Short one-shot of what could have been at the end of "Revenge" [10x22, because I'm suffering from Cote-Denial-Syndrome (is that what it's called?)].

Also, movie quotes explained DiNozzo-style at the end.

Enjoy...


Stupid.

The word runs through his mind like a train, chugging along with guilt and fueling him with its anger. How could he have left her alone? He should have known she would take her car, he should have known she would go after him alone.

They spot her Mini, red and empty, and the fuming flames on the docks that match his mood. Bodnar's dangerous-trained by the best, as well. He's not sure if he's worried about her or if he's scared of what she's capable of. At times, he can never tell with her; but he can always read her. It's himself he can't read, that he can't decipher.

They're about to board the ship, to catch Bodnar or save him or save her, ultimately; when she steps off onto the planks and down on the dock. She is not alone. She pushes in front a bruised Ilan, a look of rage and defeat etched into the wrinkles of his face, the furrowed eyebrows.

The relief he feels is not permanent. Her hair is out of place, her face is dark and one side of her face is purple, as well as her neck. Gibbs is angry, and wrenches Bodnar out of her hands. "Don't you ever do that again, David," he says sternly, but she nods and can read his anxiety behind his anger.

McGee volunteers silently to tell the dockmaster that they're federal agents; that everyone and everything is under control. Before he knows it himself, he is walking toward her defeated slump, arms down and chest sighing with exhaustion. His fingers itch to feel her skin, olive and purple now. So he is satisfied-his hand elevates toward her, like a magnet that has a gravitational pull specialized only for him, and his fingers dance into her curls, soft and brown underneath his rough, callused hand. He tussles them, and she does not resist; and instead, offers a small smile.

"You alright, Ziva?"

She nods, then hesitates. "I am fine," she says, but even she is unconvinced when her voice cracks at the end. He decides to ignore it.

"Magic words," he says, and they both know he does not believe her, that he can always see through her facade.

"Tony, I-" She chokes, and that is it, this is the last straw; and he cannot handle living without her, without telling her the truth before it's too late, with them chasing every criminal off the street and painting a target on their backs each time they pull out their badges.

In one motion, she is up in his chest and in the warm comfort of his arms, and her tears are salty and wet against his shirt. She smells of sweat and exhaustion and destruction, he smells of worry and disaster and love.

"I know," he whispers, and it is enough-she knows that he does. He knows she did not mean to kill him when she arrived, and that she didn't; he knows that with this arrest and non-execution that their work over the past eight years has done something for her; and he knows that she is not alright, but that she is almost there.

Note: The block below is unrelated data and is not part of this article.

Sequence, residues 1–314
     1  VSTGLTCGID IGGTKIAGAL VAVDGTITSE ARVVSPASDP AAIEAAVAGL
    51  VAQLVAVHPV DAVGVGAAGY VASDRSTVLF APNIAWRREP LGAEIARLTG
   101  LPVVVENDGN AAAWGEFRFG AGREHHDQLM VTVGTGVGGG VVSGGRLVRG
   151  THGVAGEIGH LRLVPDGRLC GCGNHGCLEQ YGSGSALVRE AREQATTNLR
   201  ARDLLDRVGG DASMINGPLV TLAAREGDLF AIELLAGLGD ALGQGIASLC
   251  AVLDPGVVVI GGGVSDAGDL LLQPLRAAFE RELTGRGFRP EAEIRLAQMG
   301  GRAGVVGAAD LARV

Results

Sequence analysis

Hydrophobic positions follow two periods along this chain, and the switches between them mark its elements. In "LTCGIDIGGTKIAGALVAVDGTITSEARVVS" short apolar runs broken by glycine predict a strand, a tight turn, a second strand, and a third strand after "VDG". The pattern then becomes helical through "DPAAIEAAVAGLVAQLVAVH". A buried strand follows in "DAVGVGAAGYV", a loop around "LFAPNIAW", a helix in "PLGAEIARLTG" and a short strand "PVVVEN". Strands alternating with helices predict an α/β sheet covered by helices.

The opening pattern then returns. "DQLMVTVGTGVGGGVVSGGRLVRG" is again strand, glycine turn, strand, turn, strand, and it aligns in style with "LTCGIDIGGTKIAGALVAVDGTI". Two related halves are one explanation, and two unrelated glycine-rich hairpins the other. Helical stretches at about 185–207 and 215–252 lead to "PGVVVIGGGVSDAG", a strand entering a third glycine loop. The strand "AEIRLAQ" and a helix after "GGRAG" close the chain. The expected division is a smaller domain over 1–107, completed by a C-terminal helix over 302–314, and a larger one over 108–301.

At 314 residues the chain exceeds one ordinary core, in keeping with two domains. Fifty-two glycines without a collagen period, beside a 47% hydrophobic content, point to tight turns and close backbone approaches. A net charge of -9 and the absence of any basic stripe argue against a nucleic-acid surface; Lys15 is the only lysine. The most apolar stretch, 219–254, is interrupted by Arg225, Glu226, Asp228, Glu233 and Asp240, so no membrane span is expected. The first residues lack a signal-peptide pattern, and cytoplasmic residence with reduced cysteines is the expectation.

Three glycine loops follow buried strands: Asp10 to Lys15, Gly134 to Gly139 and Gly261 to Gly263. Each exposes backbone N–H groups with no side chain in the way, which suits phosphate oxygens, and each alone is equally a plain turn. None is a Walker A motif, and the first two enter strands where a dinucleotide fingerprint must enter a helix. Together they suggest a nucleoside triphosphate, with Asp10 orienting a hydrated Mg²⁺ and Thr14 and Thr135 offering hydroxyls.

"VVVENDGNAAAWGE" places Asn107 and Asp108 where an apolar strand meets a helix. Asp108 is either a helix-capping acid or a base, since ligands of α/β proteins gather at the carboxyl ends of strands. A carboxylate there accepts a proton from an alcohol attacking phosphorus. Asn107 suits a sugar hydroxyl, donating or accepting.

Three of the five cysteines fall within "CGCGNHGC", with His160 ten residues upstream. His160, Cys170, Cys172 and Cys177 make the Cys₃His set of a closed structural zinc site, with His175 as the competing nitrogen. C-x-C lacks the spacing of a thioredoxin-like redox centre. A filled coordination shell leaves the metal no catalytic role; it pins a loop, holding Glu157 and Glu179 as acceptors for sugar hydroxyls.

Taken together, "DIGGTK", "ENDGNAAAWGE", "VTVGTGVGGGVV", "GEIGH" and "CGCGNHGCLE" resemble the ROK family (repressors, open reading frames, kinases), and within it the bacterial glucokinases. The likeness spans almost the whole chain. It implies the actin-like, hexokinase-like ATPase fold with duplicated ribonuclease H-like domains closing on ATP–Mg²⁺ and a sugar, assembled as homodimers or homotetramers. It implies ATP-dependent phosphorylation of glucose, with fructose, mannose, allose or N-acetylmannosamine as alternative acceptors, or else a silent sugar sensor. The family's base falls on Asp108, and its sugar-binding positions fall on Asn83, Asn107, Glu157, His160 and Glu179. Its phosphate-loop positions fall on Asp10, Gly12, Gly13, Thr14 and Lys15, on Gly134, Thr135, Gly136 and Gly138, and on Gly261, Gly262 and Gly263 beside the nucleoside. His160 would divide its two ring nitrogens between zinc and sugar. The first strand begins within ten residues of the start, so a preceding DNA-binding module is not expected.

"I'm glad, Ziva."

Her eyes turn up in surprise as she pulls away to observe her partner-in a moment, he is seeping with anger and anxiety, the next he is a different color and tone; waiting to be explored like a passage of music on ivory keys.

"You didn't kill him."

Clarity. Like when the music clears, and the pedal lifts, and the climax is reached and a moment of passionate clarity is performed, and the audience understands what the artist is communicating; the intimacy of one's soul imbedded in melody.

He is glad she did not kill a murderer, a thief, a terrorist.

He is proud of her, more than she ever wished her father would be.

Somehow, her heart lifts into a moment of truth: that she should find peace within herself because of defying her father's last gift. His murderer, and the satisfaction of placing metal cuffs onto his wrists.

"The difference between I and my father...is this."

Her voice is rich and thick with emotion, though he is an expert at reading all her layers of guilt and love and compassion.

"Revenge, for Eli...means death. For me...it means something much worse, and yet better."

Prison is where a man can pay for his sins and pine away at the walls, never to escape. Or, he can realize the depth of his choices, and redeem himself.

"I think," Tony replies, "It's the excitement only a free man can feel. A free man at a start of a long journey whose conclusion is uncertain."

Her eyebrows raise, her eyes holding a teasing glance (still, despite the tears).

He shrugs. "Shawshank."

Her smile approves. "I hope."


"I think it's the excitement only a free man can feel. A free man at a start of a long journey whose conclusion is uncertain." and "I hope." are both quotes from the ending narration by Red (Morgan Freeman) at the end of The Shawshank Redemption(1994, Tim Robbins, Morgan Freeman).